Minoans And Their Time

Yesterday I was sitting on a wooden bench overlooking the site of Festos in the Messara Plain south of Iraklion. It was a beautiful day and my thoughts turned to the Minoans. Who were they? What did they do each day? How did they create the first European civilisation? Why was that civilisation so wonderful?

In all my years in Crete I have been to most of the Minoan sites, the palaces, the farmsteads, the villages and the ports. You see the remains of what they built so many years ago and are impressed. Particularly with Sir Arthur Evans reconstruction of Knossos. The wonderful frescoes and the works of art on the fine pottery they made. They seemed a cultured people, sensitive to the land and the passing of the seasons.

Oh but why were they so quiet? Why do we know so little of their daily lives? The Minoan period in Crete is said to have begun at the end of the Neolithic period (2,600 BC) and extends right up until their civilisation was destroyed a few years before 1400 BC. That period of twelve hundred years is marked by archaeologists into various periods, the headings being Pre-Palace (2600-200 BC), Proto-Palace (2000-1700 BC), Neo-Palace (1700-1450 BC) and Post-Palace (1450 BC onwards). This dating of the Minoans was put forward by Professor Platon in 1958 and is now the generally accepted way of dating the Minoan period.

We have the mythology, of course. The stories of King Minos of Crete (which is why Evans called them the Minoans) and the killing of the Minotaur – half man, half bull – by Theseus with the help of Minos’ daughter Ariadne. The stories of the engineer Daedelus and his and his son’s wings of feathers, but how much of this is really relevant? Modern historians now believe that the term Minos was in fact the title of King, rather like the Pharoes in Egypt. No-one is really sure. As for writing, there seemed to be a series of Hieroglyphs popular in Minoan times which have never been deciphered but are shown, for example on the Festos Disc found in the old palace section of Festos. Then there is Linear A. This is dated to before 1500 BC and has never been translated, but was certainly Minoan. Later came Linear B which has been translated and discovered to be of Mycenaean origin and not Minoan. Not that even that gives much information beyond lists of crops and possessions.

Researchers today have various opinions about what life was like during Minoan times. There are also others who disagree. What seems to have been very important though, and enabled the civilisation to grow and achieve its greatness was what is called Pax Minoica. The fact that the Minoans lived in peace with each other and were never invaded.  Overall there seems to be a love for life in the Minoans as there is in the Cretans of today. They had their festivals to celebrate the harvest. They had their gods – the most important being the Earth Mother – and they had their respect and worship for the dead. Many of the Minoan cemeteries scattered about the island show a care in tomb making which is extraordinary so long ago.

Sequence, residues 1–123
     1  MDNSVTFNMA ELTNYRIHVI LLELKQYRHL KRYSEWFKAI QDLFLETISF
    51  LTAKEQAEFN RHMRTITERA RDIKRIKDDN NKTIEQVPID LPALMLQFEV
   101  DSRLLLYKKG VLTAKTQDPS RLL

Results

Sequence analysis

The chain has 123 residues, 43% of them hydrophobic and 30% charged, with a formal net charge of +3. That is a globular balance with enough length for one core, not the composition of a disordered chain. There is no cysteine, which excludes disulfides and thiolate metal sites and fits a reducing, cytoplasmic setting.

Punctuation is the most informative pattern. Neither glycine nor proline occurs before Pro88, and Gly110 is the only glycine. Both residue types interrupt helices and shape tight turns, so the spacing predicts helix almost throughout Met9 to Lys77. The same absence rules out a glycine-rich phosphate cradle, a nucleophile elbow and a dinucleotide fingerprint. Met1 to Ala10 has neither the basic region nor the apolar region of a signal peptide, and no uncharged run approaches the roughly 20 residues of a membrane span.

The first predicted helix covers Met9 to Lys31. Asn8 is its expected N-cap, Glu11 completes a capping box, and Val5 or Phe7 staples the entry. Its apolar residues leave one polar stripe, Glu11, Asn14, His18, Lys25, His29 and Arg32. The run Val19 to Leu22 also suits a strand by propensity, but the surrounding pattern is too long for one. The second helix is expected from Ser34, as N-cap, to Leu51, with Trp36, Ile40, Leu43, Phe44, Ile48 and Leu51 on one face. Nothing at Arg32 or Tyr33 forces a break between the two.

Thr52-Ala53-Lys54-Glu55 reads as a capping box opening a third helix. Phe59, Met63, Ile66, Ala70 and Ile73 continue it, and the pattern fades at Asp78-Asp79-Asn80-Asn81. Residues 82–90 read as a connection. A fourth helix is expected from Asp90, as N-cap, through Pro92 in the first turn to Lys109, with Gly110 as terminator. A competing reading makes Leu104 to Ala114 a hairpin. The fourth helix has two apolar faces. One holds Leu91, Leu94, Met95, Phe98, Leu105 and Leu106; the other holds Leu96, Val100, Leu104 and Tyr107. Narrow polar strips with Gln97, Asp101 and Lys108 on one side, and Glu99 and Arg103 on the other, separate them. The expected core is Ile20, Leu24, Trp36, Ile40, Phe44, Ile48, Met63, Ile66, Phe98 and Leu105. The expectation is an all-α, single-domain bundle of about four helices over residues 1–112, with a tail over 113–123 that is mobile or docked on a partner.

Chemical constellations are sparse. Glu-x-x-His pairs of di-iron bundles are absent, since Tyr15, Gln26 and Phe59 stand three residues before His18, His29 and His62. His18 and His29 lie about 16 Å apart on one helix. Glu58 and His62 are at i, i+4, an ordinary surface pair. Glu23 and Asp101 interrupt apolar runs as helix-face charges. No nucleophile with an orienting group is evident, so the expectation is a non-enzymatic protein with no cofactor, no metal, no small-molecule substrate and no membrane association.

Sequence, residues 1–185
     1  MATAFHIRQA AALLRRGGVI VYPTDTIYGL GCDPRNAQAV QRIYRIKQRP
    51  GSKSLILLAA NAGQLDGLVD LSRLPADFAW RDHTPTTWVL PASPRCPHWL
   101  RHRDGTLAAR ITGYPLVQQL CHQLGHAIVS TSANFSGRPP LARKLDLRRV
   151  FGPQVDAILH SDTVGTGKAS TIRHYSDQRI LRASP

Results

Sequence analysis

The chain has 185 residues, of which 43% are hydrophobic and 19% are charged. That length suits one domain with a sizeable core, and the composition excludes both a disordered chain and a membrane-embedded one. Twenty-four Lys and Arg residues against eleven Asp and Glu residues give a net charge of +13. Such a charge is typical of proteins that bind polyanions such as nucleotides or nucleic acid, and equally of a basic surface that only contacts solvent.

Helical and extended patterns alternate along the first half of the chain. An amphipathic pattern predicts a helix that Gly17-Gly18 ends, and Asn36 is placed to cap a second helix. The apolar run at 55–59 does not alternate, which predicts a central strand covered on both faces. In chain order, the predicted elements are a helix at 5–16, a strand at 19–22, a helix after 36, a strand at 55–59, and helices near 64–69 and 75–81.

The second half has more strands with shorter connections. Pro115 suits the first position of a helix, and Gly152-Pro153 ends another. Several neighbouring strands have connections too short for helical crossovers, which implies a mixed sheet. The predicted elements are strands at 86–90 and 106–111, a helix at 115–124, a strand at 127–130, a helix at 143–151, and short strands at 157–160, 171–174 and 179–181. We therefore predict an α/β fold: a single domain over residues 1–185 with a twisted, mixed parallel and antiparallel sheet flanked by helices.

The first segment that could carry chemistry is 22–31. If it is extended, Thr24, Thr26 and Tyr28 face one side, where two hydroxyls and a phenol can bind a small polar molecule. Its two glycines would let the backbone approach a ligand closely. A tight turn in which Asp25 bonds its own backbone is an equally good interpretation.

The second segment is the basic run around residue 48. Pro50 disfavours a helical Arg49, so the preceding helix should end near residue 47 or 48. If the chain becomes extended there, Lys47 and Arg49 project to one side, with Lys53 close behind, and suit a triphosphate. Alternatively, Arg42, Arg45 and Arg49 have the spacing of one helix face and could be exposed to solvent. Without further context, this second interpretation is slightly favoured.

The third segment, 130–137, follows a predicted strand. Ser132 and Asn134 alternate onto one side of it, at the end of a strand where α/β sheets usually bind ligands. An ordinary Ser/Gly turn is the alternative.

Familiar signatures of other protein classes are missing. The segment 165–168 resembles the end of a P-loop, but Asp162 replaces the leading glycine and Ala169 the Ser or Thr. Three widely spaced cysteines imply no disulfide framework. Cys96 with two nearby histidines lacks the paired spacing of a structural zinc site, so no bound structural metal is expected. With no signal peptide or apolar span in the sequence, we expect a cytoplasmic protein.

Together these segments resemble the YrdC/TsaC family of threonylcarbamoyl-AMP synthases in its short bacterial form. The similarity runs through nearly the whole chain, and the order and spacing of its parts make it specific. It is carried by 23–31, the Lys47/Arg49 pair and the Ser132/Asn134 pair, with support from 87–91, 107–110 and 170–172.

Almost everyone was involved in farming and looking after herds of sheep, pigs, chickens and so on. They had olive and wine presses but in addition they had many more forests where Cretan Cypresses were grown, a famous and wonderful wood to make things from. Minoan art shows us many forms of rural life, festivals, tilling the ground and more, but there seems to have been also a senior class, an aristocracy that demanded and were given fine clothes and jewelry. This class was clustered around the larger palace centres and may have been related or employed by the King and his family. Here the women had fine haircuts, if the frescoes are to be believed and splendid long skirts that were finely cut and worn.

The most astonishing thing about the Minoans seems to be the equality of men and women. Other civilisations of the time without exception were ruled and dominated by men. The women lived dull domestic lives, but not in Crete. Here the woman is equal to the man. You can see on so much of the pottery where women danced with men and discussed matters with men and were considered in all ways equal. All public and religious occasions had equal amounts of men and women mixed together. This clearly displays an important attitude to life which becomes lost as the Minoans lose their civilisation and was not resurrected until recent times.

Both Festos and Knossos have ancient theatres. The oldest in Europe, in fact, and here they would have festivals and games. The most famous game of the Minoans was the bull-jumping. A young man or woman would dive over the enraged bulls horns, somersault on the bull’s back and land on the floor behind the bull. The action of this game is clearly seen in the frescos that have been reconstructed from Knossos. The bull is never actually harmed as in Spanish bull fighting of today. They also had wrestling and boxing and their love of hunting and dancing is widely seen on pots and frescos.